Partial Differential Equations
Partial Differential Equations MATH 467
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This 8 page Class Notes was uploaded by Vernie McCullough on Thursday October 15, 2015. The Class Notes belongs to MATH 467 at Millersville University of Pennsylvania taught by Staff in Fall. Since its upload, it has received 40 views. For similar materials see /class/223531/math-467-millersville-university-of-pennsylvania in Mathematics (M) at Millersville University of Pennsylvania.
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Date Created: 10/15/15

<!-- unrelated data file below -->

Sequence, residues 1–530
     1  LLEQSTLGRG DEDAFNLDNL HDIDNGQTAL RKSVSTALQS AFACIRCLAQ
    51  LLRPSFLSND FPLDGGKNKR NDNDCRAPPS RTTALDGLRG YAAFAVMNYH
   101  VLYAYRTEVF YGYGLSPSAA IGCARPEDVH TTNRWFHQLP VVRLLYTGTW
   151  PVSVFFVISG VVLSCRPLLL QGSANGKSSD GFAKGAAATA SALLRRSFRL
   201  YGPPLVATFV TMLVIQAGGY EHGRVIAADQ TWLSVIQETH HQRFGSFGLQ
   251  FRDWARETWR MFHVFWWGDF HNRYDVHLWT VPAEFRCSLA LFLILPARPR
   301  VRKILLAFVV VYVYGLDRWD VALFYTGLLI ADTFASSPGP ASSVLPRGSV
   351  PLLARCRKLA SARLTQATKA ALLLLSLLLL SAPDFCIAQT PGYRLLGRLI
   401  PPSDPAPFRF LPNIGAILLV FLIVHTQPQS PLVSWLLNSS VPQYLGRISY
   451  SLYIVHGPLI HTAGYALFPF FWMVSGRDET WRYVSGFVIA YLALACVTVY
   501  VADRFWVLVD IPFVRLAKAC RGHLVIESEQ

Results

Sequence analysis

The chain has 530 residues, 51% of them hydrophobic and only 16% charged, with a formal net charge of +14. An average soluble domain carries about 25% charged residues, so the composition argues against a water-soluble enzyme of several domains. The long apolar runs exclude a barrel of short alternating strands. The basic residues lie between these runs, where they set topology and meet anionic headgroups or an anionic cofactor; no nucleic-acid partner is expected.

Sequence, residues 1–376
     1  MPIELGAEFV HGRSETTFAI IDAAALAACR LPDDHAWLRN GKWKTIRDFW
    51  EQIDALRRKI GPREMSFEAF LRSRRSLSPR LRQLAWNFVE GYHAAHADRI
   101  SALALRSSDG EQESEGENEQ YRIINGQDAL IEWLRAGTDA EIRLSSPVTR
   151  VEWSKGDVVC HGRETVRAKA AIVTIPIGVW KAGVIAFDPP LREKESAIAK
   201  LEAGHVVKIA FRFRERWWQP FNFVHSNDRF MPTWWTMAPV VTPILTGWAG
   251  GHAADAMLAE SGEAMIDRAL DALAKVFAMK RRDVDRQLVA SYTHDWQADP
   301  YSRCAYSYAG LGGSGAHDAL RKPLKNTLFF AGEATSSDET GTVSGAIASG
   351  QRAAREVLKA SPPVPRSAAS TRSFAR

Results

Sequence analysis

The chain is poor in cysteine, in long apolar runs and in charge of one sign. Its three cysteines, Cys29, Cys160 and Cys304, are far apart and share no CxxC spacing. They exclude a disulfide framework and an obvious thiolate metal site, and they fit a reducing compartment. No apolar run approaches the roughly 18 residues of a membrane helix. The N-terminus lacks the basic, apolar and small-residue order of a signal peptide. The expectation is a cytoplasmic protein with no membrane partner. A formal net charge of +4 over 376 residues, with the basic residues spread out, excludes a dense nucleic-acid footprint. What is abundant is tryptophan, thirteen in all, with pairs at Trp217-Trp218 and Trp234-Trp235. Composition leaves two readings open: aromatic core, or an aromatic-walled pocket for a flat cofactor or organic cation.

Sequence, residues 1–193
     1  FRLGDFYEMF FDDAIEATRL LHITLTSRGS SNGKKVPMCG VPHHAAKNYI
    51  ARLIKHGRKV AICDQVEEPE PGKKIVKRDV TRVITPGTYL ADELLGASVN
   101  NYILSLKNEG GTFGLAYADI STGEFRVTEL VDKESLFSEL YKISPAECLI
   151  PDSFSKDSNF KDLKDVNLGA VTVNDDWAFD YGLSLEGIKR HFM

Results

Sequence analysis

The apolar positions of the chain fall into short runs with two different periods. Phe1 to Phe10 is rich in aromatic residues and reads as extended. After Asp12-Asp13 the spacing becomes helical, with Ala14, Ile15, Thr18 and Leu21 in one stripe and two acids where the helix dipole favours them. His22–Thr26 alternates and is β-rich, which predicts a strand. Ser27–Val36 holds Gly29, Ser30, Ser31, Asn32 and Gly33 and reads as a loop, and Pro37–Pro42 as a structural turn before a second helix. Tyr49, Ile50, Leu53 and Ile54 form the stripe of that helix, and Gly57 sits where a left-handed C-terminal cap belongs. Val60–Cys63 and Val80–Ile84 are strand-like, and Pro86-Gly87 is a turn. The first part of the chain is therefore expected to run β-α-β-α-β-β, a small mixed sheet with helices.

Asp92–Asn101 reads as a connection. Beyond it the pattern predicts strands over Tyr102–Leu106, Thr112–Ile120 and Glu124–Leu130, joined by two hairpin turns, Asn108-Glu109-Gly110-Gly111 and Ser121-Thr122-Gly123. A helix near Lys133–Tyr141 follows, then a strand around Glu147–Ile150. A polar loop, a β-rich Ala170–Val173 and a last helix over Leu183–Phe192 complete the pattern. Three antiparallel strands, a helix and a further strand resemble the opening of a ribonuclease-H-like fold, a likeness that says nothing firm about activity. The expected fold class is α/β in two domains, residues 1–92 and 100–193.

Laplace s Equation on a Sphere de Laplace Pierre Simon Domenic Scorzetti Millersville University dascorzemarauderrnillersvilleedu April 25 2006 Problem Outline A spherical shell ha an inner radius p l and an outer radius p 2 The temperatures of the 39nner ou er s are 39 n b 6 1007 200056 f06 50 300056 a State the boundary value problem for the steadystate temperature Within the shell b Find the steadystate temperature inside the shell 0 Plot the steadystate temperature inside the shell for several slices parallel to the shell s equator Problem CrossSection 1W lilmerest a Problem Statement Finding the steady state temperature will require the use of the Laplacian operator Au 2 0 As described above the solution will be for the region bounded by the two surfaces Also note the functional dependence only on 6 in this case used as the angle from the sphere s north pole and the absence of azimuthal angle b 2 Problem Solution The spherical Laplacian with only a 6 component looks like this 1 a 2 an 1 a an 1 Au p sm6 p2 0p 0p p2 sing 06 06 Since Laplace s equation is linear and homogeneous I will begin solving by separation of variables This assumes up t9 RpTt9 which is then substituted into 1 1 a sz jT isin6T R 0 p2 6 p2 sin 6 66 The primed variables indicate necessary regular derivatives I continue the process by Z 39 Z multiplying through by L26 2 Sinz 9 3amp2 v Sing iltsin6T39 0 R 0p T 66 QDependent Portion of u To nd this part I begin by dividing equation 2 by sinze and rearranging the terms 16 2 1 3 F50 RTsin666sm6T Since the lefthand side only depends on p and the righthand side depends solely on 6 then both sides must equal a constant For convenience say this constant has the form mm l with m e N U 0 meaning m is a natural number and can also be zero Under these assumptions I am left with an ordinary differential equation for the LHS 1 6 p2le mm 1 Applying the product rule szwsz39 mm 1 4 sz 2pR mm 1R 0 Equation 4 is Euler s Equation see 1 with a solution which looks like 5 for m e N U 0 s Rltpgt Cp quot Dp quot 1 9Dependent Portion of u Referring back to equation 3 I now isolate the 6 component and set it equal to the same constant o sin mm 1 Once again apply the product iulc Tir116T sin6T cos6 mm 1 TTH ggfnsg mml 0 Multiply through by 1 and T 7 T TCTO6 mm 1T 0 To further simplify the calculations I put 7 into another form through a change of variables and by letting w cos 9 see 1 This will require the chain rule dT dT dw dT s1nl9 d6 dw d6 dw d2T d dT d dT 2 s1nl9 ch92 d6 d6 d6 dw 8 d2T cos6d T s1 6d2T dw d 2 dw dw2 d6 d T dT 2 d2T cos6 sm 6 dw w2 Substitute 8 and 9 into 7 2 sin2 Hd T cos d T CO56 sin j T w 1 T0 dwz dw sing ltmltm gtgt 2 sin2 Hd T cos d T cos d T mm 1T 0 dwl dw dw 2 sin2 ed T 2cos6d T mm 1T 0 dw2 dw Recall the trigonometric property sin2 9 cos2 9 l to make the following substitution 2 1 cos2 6d T 2cos6d T mm 1T 0 Also recall thatw cos 9 2 10 1 w2 2wZ Vmm 1T 0 W Note that equation 10 is a Legendre polynomial which has solutions of the form 11 Tmw with m e NU0 see 2 Sec 7103 m 0 T0w 1 T0cos6 1 m I T1w w T1cos9 cose m 2 T2w 053w21 T2cos9 053cos291 General Solution This is found by combining equations 5 and l 1 inside an in nite series 6 00 C m D m 1 T 6 12 um mZO mp mp mcos However notice my original problem consists of only a nite sum of constants and cosines so I can nd an exact solution with p l and p 2 per equation 12 Additionally I only need to sum through m 1 since there are no squared cosine terms to account for p1 OO ul6 6 100 20cos6 mzzocm DmTm cos 100 20cos6 C0 DOTOcos6C1D1T1cos6 By substitution from the solution table above 13 100 2000s6 C0 DOC1D1cos6 o2 00 m m l u26f06503000s6 2 C 2 D 2 T cos mzo m m m 50 30cos6 C020 D021T0cos C121 D 2 1 1T1cos6 l l l 50 3000s6 C0 EDOTOcos62C1ZD1T1cos6 By substitution from the solution table above 1 l 14 503000s6 C0 EDO2C1ZD1cos6 Using equations 13 and 14 I will match up coefficients and find C0 D0 C1 and D1 and use these in my exact solution by plugging them into equation 12 100CODO 20C1D1 1 1 502CO EDO 30 2C1ZD1 For clarity the details of the coefficient calculations are in Appendix A These calculations yield C020 C1220 D0 100 D140 Here I will construct the final form of the steadystate temperature using equation 12 and my tables of Legendre solutions and coefficients up6 CO30 D0p1T0cos6Clp1D 1p11T1cos6 up6 0100p120p1 40p2cos6 15 up6 20p 4 gicos6 p k p Equation 15 represents the steadystate temperature for the spherical shell c Plot the Solution For my nlminn nlm r a the L 4 www of interest from p 1 and p 2 In L L 39 439 below L L 1 1 1 L I C L y You Lrl I I I I I I I L straight instead of curved Lastly J A L Lu uum m outer References 1 Dr Robert Buchanan Laplace s Equation on a Sphere lthttpbanachmillersvilleeduNbobmath467sa1nplepr0jectpdfgt 2 Richard Haberman Applied Partial Differential Equations with Fourier Series anal Boundary Value Problems 43911 Edition Pearson Prentice Hall Upper Saddle River NJ 2004 Appendix A C0 100 D09 C0 0 50100 D0D0 1 50100 D0 2 loo 50 2 D0 100 C1 20 D1 a C1 20 30 2 20 D1D1 30 40 211 io1 30 40 1D1 4 70 1D1 4 D 40 1
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